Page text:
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A bill as sweet as Tupelo honey

This Bundrick Tupelo honey is available at local farmer’s markets.

Created by Senator Bill Montford of District 3, making its way through Florida State Legislature is Senate Bill 556, which will designate Tupelo honey as the official state honey. Dr. Jamie Ellis, University of Florida associate professor of entomology, and Kenneth and his mother, Brenda Bundrick, co-owners of Bundrick Honey Farms, both spoke on a honey produced almost exclusively in the 850 area code.

According to the Bundrick Farms’ website, “Tupelo honey is produced from the White Ogeechee Tupelo (nyssa ogeche), which ranges through the Ogeechee, Apalachicola, Chipola, Ochlockonee, Choctawhatchee and the Chattahoochee River Basins in Northwest Florida. Bee hives are placed along the river’s edge. The bees fan out through the surrounding Tupelo blossom rich swamps during April and May and return with the nectar to produce Tupelo honey.”

Brenda Bundrick said, “It's a premium honey. The Tupelo tree only blooms a short time. We have to get in there and pull the hives and get the Tupelo extracted before anything else blooms.”

This year, Kenneth Bundrick said it was odd this year to push this bill with a small Tupelo crop. “It was blooming during … late April, very early May, in that ballpark time. That was when we had the very windy, very rainy, very cold time. We're talking about a very delicate blossom. There was not an abundance of nectar and the crop was very small.”

However, as popular as Tupelo honey is, Kenneth said producers don’t have to push it far outside of Florida because residents in the area consume so much of it. “It comes down to we don't have to get it out of the area to make sales. The people come to us.” He went on to say Tupelo being produced in such a tourist attracting area increases its popularity.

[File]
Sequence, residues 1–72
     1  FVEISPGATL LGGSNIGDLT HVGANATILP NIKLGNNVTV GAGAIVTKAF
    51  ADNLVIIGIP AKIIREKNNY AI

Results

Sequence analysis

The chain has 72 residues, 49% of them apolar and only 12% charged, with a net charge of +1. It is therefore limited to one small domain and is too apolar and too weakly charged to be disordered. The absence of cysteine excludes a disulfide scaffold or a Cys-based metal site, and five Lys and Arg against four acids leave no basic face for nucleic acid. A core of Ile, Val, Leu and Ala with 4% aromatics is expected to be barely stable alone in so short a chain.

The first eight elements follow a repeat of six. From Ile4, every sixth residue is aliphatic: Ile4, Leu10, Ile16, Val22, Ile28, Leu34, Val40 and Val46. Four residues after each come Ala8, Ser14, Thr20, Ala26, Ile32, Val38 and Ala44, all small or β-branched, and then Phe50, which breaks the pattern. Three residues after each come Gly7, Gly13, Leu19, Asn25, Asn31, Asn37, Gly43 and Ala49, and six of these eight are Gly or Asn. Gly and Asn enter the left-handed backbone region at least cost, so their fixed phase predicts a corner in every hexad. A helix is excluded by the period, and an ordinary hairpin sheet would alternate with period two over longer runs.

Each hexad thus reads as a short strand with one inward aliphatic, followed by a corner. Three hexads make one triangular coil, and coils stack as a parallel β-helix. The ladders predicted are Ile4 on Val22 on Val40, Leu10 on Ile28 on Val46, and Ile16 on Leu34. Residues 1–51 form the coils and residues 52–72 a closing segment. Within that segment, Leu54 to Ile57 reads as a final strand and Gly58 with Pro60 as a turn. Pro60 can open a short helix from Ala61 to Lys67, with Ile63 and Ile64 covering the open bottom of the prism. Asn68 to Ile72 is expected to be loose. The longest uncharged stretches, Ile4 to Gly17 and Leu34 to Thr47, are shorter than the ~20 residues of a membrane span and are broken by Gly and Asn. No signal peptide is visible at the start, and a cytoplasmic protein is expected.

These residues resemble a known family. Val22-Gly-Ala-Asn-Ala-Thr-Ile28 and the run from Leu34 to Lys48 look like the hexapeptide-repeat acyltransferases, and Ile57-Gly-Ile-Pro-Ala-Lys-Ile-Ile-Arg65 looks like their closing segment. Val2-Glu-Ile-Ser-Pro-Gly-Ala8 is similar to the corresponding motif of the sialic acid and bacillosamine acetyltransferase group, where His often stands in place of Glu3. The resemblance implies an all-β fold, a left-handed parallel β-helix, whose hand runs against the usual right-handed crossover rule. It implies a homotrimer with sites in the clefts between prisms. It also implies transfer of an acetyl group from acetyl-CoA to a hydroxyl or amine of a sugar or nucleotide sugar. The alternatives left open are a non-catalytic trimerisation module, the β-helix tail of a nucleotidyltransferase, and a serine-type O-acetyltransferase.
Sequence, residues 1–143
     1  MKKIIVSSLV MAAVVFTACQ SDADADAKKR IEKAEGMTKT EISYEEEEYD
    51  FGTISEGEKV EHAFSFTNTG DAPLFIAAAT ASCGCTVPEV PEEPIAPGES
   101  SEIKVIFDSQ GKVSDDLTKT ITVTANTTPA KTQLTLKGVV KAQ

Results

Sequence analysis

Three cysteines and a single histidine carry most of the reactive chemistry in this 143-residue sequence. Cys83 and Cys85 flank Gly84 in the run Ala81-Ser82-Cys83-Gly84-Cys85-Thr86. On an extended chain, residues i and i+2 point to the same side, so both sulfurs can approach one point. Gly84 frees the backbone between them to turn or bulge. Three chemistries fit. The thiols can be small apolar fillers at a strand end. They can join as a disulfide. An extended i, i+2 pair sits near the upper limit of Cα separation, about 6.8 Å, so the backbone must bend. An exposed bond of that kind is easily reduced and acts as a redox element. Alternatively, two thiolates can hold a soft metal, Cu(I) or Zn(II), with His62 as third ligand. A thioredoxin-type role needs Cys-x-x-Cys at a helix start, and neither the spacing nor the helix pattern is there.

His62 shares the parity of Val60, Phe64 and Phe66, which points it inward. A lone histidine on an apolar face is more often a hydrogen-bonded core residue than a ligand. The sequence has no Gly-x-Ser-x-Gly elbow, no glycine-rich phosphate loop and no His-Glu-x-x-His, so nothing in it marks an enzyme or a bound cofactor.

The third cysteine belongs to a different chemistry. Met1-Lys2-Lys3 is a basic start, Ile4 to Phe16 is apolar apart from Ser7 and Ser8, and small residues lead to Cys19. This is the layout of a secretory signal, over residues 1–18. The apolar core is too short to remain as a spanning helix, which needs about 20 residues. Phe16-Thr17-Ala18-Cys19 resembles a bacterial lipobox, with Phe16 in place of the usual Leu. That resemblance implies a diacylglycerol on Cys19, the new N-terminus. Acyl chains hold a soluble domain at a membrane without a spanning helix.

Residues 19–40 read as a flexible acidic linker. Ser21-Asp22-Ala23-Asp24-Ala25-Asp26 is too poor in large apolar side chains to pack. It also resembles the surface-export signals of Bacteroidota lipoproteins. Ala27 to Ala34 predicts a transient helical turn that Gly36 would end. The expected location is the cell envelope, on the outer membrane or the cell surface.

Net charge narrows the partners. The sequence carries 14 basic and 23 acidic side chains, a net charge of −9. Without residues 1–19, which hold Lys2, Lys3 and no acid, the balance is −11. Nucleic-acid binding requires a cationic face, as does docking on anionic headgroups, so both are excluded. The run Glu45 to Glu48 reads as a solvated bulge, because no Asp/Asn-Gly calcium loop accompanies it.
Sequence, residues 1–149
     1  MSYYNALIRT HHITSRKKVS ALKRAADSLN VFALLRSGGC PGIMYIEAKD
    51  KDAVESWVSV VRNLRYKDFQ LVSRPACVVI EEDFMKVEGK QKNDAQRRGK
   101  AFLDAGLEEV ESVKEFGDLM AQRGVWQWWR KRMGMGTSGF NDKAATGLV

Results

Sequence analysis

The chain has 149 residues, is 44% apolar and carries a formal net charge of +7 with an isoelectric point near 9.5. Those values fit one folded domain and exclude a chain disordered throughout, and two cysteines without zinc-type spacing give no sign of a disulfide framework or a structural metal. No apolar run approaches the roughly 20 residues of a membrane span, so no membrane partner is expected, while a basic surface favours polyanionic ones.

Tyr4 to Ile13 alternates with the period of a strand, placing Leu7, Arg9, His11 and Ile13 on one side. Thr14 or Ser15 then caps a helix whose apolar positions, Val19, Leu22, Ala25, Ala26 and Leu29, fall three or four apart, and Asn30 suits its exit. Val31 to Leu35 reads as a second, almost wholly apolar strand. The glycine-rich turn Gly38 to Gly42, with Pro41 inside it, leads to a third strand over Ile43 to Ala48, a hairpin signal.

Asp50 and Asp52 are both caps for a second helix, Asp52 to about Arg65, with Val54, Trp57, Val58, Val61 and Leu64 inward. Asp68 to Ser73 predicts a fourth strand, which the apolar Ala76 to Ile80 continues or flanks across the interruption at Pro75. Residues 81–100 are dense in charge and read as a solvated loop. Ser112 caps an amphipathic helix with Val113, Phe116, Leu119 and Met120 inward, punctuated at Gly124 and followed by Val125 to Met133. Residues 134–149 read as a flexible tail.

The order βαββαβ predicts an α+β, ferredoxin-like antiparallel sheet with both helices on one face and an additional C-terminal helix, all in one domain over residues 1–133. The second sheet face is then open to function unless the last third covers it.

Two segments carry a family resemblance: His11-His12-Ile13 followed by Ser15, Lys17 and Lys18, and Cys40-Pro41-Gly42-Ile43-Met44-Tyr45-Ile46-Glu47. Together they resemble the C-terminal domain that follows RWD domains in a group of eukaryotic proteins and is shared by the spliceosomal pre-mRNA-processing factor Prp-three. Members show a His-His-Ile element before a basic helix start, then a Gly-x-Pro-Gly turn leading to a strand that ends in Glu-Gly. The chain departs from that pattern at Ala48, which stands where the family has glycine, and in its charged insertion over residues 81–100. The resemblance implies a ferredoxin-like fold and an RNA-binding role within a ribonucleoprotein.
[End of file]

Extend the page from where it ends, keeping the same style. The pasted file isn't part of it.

Ellis said a rare quality to Tupelo is its ability to resist dehydration and granulate, which is to say, break down to a hard sugar. “The good news is you can take the lid off and heat it up and it melts back into honey, but Tupelo is neither prone to granulation nor prone toward fermentation. Once processed by the bees, it tends to stay the right moisture content and not be prone to going one way or the other.” Fermentation, he said, is when moisture content reaches too high. “Some people believe the fermentation of honey, (known as) mead, is the earliest form of alcohol.”

While many health benefits, such as allergy resistance and a low glycemic index, many associate with Tupelo honey, Ellis said, “I think the only thing I've been fully convinced of is that honey is a natural antibiotic. There is evidence principally that it has been used as a wound dresser.” Ellis said hospitals today still use honey for wounds when they show antibiotic resistance.

With the bill potentially becoming official, Ellis said, “It is exciting to me. I'm not a drinker, but the way that I view wine and people’s approach to it, the color, viscosity, its taste creation sourcing, all of that occurs with honey. If people were exposed to the full palette of flavors…they would be blown away. Tupelo is a good flag bearer for that idea.”

This article originally appeared on Santa Rosa Press Gazette: A bill as sweet as Tupelo honey

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